Research into laughter reveals that it's a potent drug with the contagious power of a virus, and conveys a slew of benefits for the mind and body.


Neuroscientist Sophie Scott spent 18 years studying laughter. She’s a professor at University College London by day and, on occasion, a standup comedian by night.

“One of the big benefits of laughter is that it feels really good to laugh,” said Scott. “You get a change in the uptake of the naturally circulating endorphins, and those are the body’s painkillers. You get a measurable increase in your ability to tolerate pain.”

Overtime, according to Scott, laughter can decrease the body’s production of cortisol, a hormone released by the adrenal glands into the bloodstream at times of stress. High levels of cortisol have been linked to weight gain and memory loss.

At an emotional level, neuroscientist Scott said, laughter can be a bonding experience among family or coworkers, friends or strangers. “When people laugh it’s a sign that they’re feeling comfortable and relaxed and safe and not exposed,” she said. (

Below are six findings that should keep us wanting to laugh it up. (

Laughter is a potent endorphin releaser. One of the most recent studies on laughter shows that laughing with others releases endorphins in the brain—our homegrown feel-good chemicals—via opioid receptors. Highly addictive opioid drugs, like heroin, also bind to those receptors, suggesting that laughter induces euphoria not unlike a narcotic (minus the obvious drawbacks).

Laughter contagiously forms social bonds. The endorphin effect described above also explains why social laughter is so contagious. Spreading endorphin release through groups promotes a sense of togetherness and safety. Each brain in a social unit is a transmitter of those feelings, which triggers the feel-goods in other brains via laughter. It’s like a game of endorphin dominoes. That’s why when someone starts laughing, others will laugh even if they’re not sure what everyone is laughing about.

Laughter fosters brain connectivity. Not all laughter is the same, and it turns out that decoding a laugh is more challenging than it seems. One study found differences in how we perceive, for example, joyous laughter versus taunting laughter versus tickling laughter, each of which activates connections between different brain regions. What this all amounts to is that laughter fosters rigorous brain-region connectivity that kicks in when we hear a laugh, as our brains work to decipher what sort of communication is coming through.

Laughter is central to relationships. Women laugh about 126% more than their male counterparts, while men seem to instigate laughter the mostand there’s an interesting application of those results to how relationships form and are maintained. Women typically rate a sense of humor as a top-three trait for a potential mate. Men tend to rate women who laugh a lot (i.e. laugh at their jokes) higher than those who don't. It's no surprise, then, that couples who laugh together report having higher-quality relationships. Laughter is a nonnegotiable for all involved.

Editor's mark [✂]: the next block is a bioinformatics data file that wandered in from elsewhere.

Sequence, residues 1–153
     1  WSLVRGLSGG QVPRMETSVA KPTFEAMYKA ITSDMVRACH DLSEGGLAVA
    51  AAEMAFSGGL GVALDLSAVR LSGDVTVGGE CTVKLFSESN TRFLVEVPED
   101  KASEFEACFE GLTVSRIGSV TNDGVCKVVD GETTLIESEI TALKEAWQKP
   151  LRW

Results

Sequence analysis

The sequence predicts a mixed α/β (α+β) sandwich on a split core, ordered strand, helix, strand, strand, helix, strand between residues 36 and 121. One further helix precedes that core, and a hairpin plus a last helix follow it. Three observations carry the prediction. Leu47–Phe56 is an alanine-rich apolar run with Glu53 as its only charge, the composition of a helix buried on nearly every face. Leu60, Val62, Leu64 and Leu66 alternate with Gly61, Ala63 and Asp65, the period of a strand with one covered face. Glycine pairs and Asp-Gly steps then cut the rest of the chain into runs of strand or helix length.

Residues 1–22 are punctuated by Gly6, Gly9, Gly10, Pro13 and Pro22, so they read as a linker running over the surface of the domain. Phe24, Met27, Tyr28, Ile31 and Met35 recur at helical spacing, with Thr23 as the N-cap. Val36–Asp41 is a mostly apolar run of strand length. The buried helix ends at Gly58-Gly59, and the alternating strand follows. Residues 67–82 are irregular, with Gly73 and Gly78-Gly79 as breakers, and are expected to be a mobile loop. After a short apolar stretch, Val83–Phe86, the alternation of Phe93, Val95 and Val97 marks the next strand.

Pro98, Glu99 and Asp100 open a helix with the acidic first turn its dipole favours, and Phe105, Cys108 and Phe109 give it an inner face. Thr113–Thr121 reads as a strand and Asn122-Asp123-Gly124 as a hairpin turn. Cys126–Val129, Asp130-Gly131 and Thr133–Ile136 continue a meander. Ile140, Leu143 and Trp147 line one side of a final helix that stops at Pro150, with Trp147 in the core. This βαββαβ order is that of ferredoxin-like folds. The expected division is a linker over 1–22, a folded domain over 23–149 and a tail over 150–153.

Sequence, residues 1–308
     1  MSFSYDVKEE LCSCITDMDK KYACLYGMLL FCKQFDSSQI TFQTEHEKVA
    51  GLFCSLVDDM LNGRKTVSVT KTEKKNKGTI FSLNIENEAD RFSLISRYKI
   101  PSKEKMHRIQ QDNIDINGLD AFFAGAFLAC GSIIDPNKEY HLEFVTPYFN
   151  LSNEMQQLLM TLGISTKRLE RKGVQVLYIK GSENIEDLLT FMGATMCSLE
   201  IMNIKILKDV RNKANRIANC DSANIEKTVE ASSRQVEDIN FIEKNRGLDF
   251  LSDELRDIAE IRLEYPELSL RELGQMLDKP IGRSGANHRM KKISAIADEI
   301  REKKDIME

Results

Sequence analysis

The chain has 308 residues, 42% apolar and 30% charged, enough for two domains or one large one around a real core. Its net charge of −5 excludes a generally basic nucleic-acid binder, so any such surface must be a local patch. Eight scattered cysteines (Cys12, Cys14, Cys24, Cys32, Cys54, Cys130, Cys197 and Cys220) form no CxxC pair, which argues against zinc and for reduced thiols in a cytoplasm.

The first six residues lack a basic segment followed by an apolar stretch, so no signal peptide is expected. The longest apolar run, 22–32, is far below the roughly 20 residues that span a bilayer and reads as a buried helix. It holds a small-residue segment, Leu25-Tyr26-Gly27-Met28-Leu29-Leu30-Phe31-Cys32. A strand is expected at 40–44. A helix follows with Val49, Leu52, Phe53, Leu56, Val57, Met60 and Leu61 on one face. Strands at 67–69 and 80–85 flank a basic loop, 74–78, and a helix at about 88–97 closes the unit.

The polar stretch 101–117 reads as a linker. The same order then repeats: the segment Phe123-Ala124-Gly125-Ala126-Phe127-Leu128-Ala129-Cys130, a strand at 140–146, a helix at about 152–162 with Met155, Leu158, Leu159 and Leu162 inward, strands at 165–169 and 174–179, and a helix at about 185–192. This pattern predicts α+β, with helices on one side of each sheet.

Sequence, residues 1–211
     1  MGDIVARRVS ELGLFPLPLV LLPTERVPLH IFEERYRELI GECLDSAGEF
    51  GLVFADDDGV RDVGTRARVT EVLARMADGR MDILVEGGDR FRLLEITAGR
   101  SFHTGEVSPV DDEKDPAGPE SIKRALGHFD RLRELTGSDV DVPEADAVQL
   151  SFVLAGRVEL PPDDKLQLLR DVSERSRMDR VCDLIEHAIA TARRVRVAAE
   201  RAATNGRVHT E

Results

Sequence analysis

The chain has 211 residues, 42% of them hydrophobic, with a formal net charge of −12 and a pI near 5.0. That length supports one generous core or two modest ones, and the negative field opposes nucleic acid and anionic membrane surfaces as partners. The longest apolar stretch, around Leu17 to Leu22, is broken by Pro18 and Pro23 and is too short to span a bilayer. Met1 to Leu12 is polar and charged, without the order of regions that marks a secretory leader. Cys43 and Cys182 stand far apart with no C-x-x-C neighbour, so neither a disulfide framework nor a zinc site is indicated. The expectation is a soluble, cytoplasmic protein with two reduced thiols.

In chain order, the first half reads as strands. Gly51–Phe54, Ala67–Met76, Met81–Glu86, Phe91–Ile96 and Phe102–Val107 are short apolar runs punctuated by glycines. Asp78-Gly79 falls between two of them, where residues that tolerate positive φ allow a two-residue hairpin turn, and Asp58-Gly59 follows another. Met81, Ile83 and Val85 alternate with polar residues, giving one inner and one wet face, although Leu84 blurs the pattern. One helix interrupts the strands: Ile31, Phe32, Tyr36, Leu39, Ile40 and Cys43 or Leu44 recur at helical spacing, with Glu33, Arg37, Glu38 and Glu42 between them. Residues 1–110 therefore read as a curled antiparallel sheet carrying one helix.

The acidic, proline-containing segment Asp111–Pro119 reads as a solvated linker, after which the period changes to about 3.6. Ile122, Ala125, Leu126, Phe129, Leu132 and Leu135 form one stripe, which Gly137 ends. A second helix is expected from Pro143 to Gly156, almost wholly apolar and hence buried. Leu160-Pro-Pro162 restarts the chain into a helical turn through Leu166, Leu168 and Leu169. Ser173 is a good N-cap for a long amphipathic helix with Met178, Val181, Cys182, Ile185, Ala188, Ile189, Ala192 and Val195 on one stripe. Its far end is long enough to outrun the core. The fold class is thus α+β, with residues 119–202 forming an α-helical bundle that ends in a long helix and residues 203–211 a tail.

Laughter has an effect similar to antidepressants. Laughing activates the release of the neurotransmitter serotonin, the same brain chemical affected by the most common types of antidepressants, SSRIs. It’s not clear from the research how long this effect sticks around, but the burst of brain activity laughing triggers is undoubtedly potent, at least for short periods of time.

Laughter protects your heart. Research has shown that laughter has an anti-inflammatory effect that protects blood vessels and heart muscles from the damaging effects of cardiovascular disease. How this happens isn't entirely understood, but it seems related to lessening the body’s stress response, which is directly linked to increased inflammation. Regular, hearty laughter should probably be part of every heart disease prevention program. (



The cackles can be heard from far beyond the brick walls of the private garden playing host to a Laughter Yoga Atlanta session. On a bright weekend morning, at the height of the steamy Georgia summer, a group of about 40 students is visibly invigorated. At intervals they chant or clap, frolicking in a large open circle while purposely seeking eye-contact with the nearest person – most likely someone they just met.

Welcome to laughter yoga. 

The practice, designed by Indian doctor Madan Kataria in 1995, combines playful group exercises and deep breathing to promote wellness, happiness and lots of laughter.

“It’s called laughter yoga because of the diaphragmatic breathing that takes place when we laugh,” says Laughter Yoga Atlanta director Celeste Greene. “It’s a full inhalation and a full exhalation.”

At first the laughter is simulated, or “voluntary laughter” in yoga-speak, but slowly, as students warm up to each other, it becomes genuine and contagious. “You can react from a laughter place, as opposed to a stress place. How does that sound?” Greene calls out.

A group “Yeah!” quickly follows.

Then Greene demonstrates a new exercise – “traffic laughter.” Students pretend to drive a “laughter powered car.”

“The goal in laughter yoga is to build a daily habit and bring more laughter into your life,” Greene explained. “It could be laughing in traffic and it could be laughing while cleaning the house. The more you laugh, the more you’re able to laugh at whatever life brings.”

In her classes, Greene has witnessed the positive effects this group dynamic can have on a person struggling with anxiety, depression or isolation.

 “Humans do seem to be genuinely unified by laughter.” (

“With mirth and laughter let old wrinkles come.” 

William Shakespeare, The Merchant of Venice





Patricia Deerwester

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